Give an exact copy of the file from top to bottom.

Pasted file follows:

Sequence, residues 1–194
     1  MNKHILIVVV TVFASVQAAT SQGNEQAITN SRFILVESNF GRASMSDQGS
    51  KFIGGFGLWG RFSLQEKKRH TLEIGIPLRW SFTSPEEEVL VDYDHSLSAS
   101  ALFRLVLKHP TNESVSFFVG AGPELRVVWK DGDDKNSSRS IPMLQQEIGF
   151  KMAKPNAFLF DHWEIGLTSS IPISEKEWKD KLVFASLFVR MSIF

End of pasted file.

Sequence, residues 1–194
     1  MNKHILIVVV TVFASVQAAT SQGNEQAITN SRFILVESNF GRASMSDQGS
    51  KFIGGFGLWG RFSLQEKKRH TLEIGIPLRW SFTSPEEEVL VDYDHSLSAS
   101  ALFRLVLKHP TNESVSFFVG AGPELRVVWK DGDDKNSSRS IPMLQQEIGF
   151  KMAKPNAFLF DHWEIGLTSS IPISEKEWKD KLVFASLFVR MSIF